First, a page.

Ichabod's Kin
A place for politics, pop culture, and social issues

Tiger by the Tail

A TIGER BY THE TAIL

The holiday season of 2009 began rudely with revelations of Tiger Wood’s
secret life, prompting thoughts on the meaning of celebrity and on who
ought to be whose heroes.

To have a tiger by the tail is to have a problem: whether to hang on or let go. Neither is much of an option, and so it is with the strange case of Tiger Woods.
I write for deadlines that are often several days before readers lay eyes on my words. More surely will come to light, given the vagaries of whatever did or did not happen in the early hours of Nov. 27. Whatever it was, Tiger needs for all of us to go find something else to do or think about than to obsess over his domestic tranquility–or lack thereof– whichever the case may be.

But the public isn’t like that. Tell them to do something, and they won’t; tell them not to, and they will, especially when it comes to their celebrities, whom they love–except when they have an excuse to stop loving them. Ain’t love grand?

All of which is to say that America stopped going to work, lost interest in the NFL and whether more troops are going to Afghanistan, and ceased to use their bedrooms for sex until by god they found out what went on that day inside and outside his home in Florida or, more precisely, what occurred before and after he got in his Escalade and when he got out.

Do I have an opinion? I sure do, and it’s worth exactly what you paid for to read this, but at least I know that, unlike some writers who think we give a damn what they say about the matter. I’ll keep mine to myself.

I caught on early in life that heroes are not worth having, especially if you expect more of them than something they are extraordinarily good at, like giving me a reason to live. I try to be my own hero, which may seem presumptive on my part, but given I’ve done so with precious little success, it’s made me sympathetic to others who have the bigger job of fulfilling all the world’s expectations.

Tiger Woods is a fabulous athlete, though I care not a fig for golf or for people who chase little balls all over the world’s greens and fairways; but the first time I saw Tiger in mid-swing, I knew I beheld perfection, and hereafter have watched televised golf only at moments that he approaches tee.

His gift however is part blessing, part curse. Now he also has to be everybody’s hero. Elsewhere on the planet, people have a more realistic view of life but America, half-grown puppy that it is, and a pampered one at that– hence all ass and appetite, demands that a talented person be the hero for their kids that they can’t and won’t be themselves. Now there’s presumption for you.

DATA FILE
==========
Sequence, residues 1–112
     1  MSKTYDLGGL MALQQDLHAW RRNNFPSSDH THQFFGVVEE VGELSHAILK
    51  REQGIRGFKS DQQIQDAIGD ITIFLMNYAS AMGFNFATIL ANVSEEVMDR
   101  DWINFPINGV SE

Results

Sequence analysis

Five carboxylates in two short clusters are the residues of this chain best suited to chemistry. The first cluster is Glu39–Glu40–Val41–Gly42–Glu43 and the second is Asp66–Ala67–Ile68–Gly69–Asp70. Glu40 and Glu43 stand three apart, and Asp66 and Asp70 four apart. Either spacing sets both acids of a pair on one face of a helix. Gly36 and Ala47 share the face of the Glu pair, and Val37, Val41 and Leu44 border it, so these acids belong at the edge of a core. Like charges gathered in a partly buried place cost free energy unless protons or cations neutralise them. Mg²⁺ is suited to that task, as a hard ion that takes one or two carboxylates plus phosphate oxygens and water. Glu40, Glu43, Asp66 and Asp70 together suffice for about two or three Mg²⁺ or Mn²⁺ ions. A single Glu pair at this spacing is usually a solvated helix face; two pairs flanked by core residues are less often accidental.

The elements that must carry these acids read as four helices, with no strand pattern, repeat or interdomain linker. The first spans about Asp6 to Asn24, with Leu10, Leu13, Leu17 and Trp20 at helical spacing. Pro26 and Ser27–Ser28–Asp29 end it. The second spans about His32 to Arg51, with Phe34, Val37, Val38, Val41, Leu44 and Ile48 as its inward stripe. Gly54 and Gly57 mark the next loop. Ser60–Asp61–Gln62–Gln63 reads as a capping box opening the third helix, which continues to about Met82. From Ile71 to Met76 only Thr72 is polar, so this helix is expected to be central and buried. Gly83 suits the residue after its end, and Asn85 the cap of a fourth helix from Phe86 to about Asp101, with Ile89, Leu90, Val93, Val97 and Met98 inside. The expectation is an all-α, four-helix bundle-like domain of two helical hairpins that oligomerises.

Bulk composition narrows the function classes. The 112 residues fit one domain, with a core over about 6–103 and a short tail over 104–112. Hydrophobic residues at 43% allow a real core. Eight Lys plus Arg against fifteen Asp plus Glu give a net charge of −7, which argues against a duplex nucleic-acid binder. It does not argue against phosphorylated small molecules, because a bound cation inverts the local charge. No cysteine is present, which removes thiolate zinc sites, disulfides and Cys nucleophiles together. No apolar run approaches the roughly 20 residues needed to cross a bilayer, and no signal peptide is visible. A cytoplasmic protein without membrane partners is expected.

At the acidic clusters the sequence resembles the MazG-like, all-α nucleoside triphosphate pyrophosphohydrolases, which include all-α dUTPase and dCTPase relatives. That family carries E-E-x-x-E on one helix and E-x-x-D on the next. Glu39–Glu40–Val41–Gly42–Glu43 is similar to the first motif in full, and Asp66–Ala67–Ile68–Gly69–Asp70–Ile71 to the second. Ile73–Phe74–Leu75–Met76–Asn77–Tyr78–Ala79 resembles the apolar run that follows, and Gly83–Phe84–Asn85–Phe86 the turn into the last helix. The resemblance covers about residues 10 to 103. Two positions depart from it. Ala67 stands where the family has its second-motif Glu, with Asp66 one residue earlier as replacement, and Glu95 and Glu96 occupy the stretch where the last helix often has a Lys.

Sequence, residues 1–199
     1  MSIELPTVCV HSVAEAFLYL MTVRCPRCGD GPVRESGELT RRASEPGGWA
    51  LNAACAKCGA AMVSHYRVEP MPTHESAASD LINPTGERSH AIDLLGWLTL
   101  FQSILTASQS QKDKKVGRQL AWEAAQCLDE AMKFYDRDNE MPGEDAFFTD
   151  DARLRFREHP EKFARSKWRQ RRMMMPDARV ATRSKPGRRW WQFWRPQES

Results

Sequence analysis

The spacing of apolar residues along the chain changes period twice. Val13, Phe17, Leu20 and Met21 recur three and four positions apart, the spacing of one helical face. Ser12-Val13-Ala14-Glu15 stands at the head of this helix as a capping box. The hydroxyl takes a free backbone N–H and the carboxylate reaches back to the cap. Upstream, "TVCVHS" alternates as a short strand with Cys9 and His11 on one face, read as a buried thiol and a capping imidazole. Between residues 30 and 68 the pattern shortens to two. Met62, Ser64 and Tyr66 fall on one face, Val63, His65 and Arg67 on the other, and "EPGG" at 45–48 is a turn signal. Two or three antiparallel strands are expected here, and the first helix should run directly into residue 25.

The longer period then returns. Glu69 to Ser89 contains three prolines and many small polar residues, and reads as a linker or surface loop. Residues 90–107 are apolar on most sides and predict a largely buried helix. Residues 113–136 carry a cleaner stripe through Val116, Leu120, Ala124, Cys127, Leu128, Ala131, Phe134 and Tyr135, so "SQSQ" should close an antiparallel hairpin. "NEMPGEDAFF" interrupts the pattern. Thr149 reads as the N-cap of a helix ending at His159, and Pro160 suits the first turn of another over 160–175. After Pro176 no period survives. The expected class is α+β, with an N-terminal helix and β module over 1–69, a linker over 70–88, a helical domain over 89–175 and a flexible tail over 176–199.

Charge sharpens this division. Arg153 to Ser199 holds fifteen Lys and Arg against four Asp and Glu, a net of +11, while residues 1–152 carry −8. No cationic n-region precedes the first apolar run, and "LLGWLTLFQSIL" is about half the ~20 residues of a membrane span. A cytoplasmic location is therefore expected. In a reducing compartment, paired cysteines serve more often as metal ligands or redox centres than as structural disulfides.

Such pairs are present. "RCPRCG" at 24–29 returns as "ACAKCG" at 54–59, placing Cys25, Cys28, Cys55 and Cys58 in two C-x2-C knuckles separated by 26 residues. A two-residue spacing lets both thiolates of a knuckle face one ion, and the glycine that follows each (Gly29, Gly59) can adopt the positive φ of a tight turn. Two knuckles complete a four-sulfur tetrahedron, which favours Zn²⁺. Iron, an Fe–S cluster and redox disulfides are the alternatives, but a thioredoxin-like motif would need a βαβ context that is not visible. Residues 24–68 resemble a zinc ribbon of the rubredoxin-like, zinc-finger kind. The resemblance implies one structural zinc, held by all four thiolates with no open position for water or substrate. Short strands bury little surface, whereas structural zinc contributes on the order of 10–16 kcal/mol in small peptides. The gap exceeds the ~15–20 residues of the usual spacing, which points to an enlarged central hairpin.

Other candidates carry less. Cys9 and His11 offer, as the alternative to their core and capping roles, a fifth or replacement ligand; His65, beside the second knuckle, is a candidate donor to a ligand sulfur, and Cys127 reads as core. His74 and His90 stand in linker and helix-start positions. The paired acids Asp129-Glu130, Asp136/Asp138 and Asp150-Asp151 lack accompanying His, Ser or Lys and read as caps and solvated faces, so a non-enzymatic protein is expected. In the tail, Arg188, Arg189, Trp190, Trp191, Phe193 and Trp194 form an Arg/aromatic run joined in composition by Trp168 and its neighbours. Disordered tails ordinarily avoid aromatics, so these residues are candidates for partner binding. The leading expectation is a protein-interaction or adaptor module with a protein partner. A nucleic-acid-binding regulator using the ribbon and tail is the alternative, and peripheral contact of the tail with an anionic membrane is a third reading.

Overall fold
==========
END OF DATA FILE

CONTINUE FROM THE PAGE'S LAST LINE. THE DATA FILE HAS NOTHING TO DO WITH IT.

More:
Tiger is also a “brand,” as they say: besides ogling him with our mouths open, as with all sports we throw good money after bad for anything that reeks of them–their gear, cards and memorabilia–and feel we have a personal investment, along with a claim over the brand’s life. So when something goes wrong at, say, Tiger’s house, as it does at yours and mine, we behave as if our stock fund tanked and took the farm with it.

Enter The National Enquirer, which sometimes trips over accidental truths amid its outright lies and often is the only editorial room that can first get a story out, and you have real drama. Who knew they’d be right or wrong about a supposed Tiger affair? But so he did boing somebody who didn’t live at his address and his wife turned into Cat Woman, scratched him up big-time, and he wisely split for the safety of his locked car. Let’s say further that she took his prized golf club (there’s irony for you) and blasted out its windows, the glass doing a number on his handsome mug; no, say more–say that both regretted their behavior and suddenly remembered a third party in their lives, to wit, the Golden Goose of fame and fortune–and one to be protected at all costs.

Does that hurt me? Do I lose sleep over all his endorsement income now at risk? No, because it’s his and Nike’s, not mine: my tacky little bank account stays tacky and little. Should I feel sorry for Nike? No, screw them, they stopped making the cross country shoes I counted on for years. Do I become depressed because buying his brand hats and shirts has less appeal?If the answer to any of the above were yes, I don’t need a shrink, I need Big Papi to smack me upside the head with his bat and knock some sense into me.

If you hear your kids say, as his brand suggests, “I am Tiger Woods” (dreamed up by Nike, not Tiger, you may be sure) tell them to go to the little boys or girls room and wash their mouths out with soap. Say further that their lives aren’t dependent on any celebrity, but on themselves. And if you want them to have a hero, be one for them. And if you can’t, why not?

It’s your job, not Tiger’s.

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